1911 Encyclopædia Britannica/Norfolk, Earls and Dukes of

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NORFOLK, EARLS AND DUKES OF. The 1st earl of Norfolk was Ralph de Guader, a follower of William the Conqueror, who forfeited the earldom when he revolted against William in 1075; the 2nd was Hugh Bigod (d. 1177), one of Stephen's supporters, to whom the earldom was granted by this king before 1141. Hugh's grandson, Hugh (d. 1225), the 3rd earl of this line, married Matilda, daughter of William Marshal, earl of Pembroke, and from the Marshals their son Roger (d. 1270), the 4th earl, inherited the office of marshal of England. This powerful family of Bigod retained the earldom until Roger, the 5th earl, died childless in December 1306.

The next earl of Norfolk was Thomas of Brotherton (1300–1338), a younger son of Edward I., to whom the earldom was granted in 1312 by his half-brother, Edward II. In addition to the estates which had formerly belonged to the Bigods Thomas received the office of marshal. He joined Queen Isabella when she landed in England in 1326, and was one of the group of nobles who brought about the deposition of Edward II. He died in August 1338, leaving no son. The survivor of his two daughters, Margaret (c. 1320–1400), who was countess of Norfolk in her own right, married John de Segrave, 3rd Lord Segrave (d. 1353), and their only child Elizabeth (d. c. 1375) became the wife of John de Mowbray, 4th Lord Mowbray (d. 1368), and the mother of two sons John and Thomas. In 1397 the countess Margaret was created duchess of Norfolk, and at the same time her grandson Thomas Mowbray was made duke of Norfolk.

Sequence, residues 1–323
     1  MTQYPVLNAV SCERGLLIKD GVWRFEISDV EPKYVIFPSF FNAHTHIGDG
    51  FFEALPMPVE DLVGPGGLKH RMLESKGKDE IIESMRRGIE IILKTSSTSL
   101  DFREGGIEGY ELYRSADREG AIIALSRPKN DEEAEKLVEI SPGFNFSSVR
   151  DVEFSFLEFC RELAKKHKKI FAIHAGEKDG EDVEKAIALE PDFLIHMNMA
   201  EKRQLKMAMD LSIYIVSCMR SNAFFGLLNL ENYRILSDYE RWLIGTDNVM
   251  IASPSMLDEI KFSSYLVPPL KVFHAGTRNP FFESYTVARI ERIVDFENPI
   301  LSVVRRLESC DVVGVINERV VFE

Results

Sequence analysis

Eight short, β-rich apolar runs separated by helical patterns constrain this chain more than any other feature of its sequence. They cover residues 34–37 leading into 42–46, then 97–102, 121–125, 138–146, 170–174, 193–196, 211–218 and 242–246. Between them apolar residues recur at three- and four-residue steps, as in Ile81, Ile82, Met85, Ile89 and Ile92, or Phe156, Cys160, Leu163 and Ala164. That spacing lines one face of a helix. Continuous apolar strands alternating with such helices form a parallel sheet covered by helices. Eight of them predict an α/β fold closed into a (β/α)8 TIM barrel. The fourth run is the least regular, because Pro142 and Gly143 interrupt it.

Thomas Mowbray, 1st duke of Norfolk (c. 1366–1399), became Baron Mowbray and Baron Segrave when his elder brother John died in February 1382; about the sameMowbray line. time Richard II. created him earl of Nottingham, a title held by his dead brother, and in 1385 made him marshal of England for life. For some years he enjoyed the favour and companionship of the king, but differences arose between them, and in 1387 Nottingham began to act with Thomas of Woodstock, duke of Gloucester, his own brother-in-law, Richard Fitzalan, earl of Arundel, and the party of nobles who wished to deprive the king of his power. They routed the royal favourite Robert de Vere, earl of Oxford, at Radcot Bridge, and Richard was at their mercy. Owing partly to Nottingham's moderate counsels the suggestion to depose him was not carried out, but in the “merciless parliament” of 1388 his favourites were “appealed” of treason and were sentenced to death. For nearly two years the chief power was in the hands of the lords appellant, as Nottingham and his friends were called, but in 1389 the king regained his authority. He detached Nottingham from his colleagues and made him warden of the Scottish marches; later he became captain of Calais and the royal lieutenant in the north-east of France. Richard took him to Ireland in 1394 and soon afterwards sent him to arrange a peace with France and his marriage with Isabella, daughter of King Charles VI. But the earl's supreme service to the king was in 1397 when Richard took a tardy but severe vengeance upon three of the appellants. In their turn these lords were “appealed” of treason before the parliament, and as on the former occasion Nottingham was one of the accusers. He was present when Gloucester was arrested at Pleshey, and Froissart says that he actually beheaded Arundel himself. Gloucester was entrusted to his keeping at Calais, and in September 1397 he reported that his prisoner was dead. The duke had been murdered, and Nottingham was probably responsible, although the evidence against him is not conclusive. As a reward he received most of Arundel's lands in Surrey and Sussex, and was created duke of Norfolk. He now began to fear for his own safety, and took the duke of Hereford, afterwards King Henry IV., into his confidence. Hereford carried his words to the king, who summoned him to his presence, and at Oswestry Norfolk accused Hereford of speaking falsely. A court of chivalry decided that the dispute should be referred to the arbitrament of single combat and Coventry was the place appointed for the duel; but when on the 16th of September 1398 everything was ready for the fight Richard interposed and ordered both combatants into banishment. Norfolk was deprived of his offices, but not of his titles; his “heavier doom” was exile for life, and he was ordered to confine himself to Germany, Hungary and Bohemia. At once he left England for Dordrecht, and after passing some months in wanderings he reached Venice, where he died on the 22nd or 27th of September 1399. The concluding scene of the duke's life in England forms the staple material of act i. of Shakespeare's Richard II. Norfolk left estates in nearly all the English counties. His wife was Elizabeth (c. 1372–1425), daughter of Richard Fitzalan, earl of Arundel, by whom he had two sons, Thomas and John, and two daughters.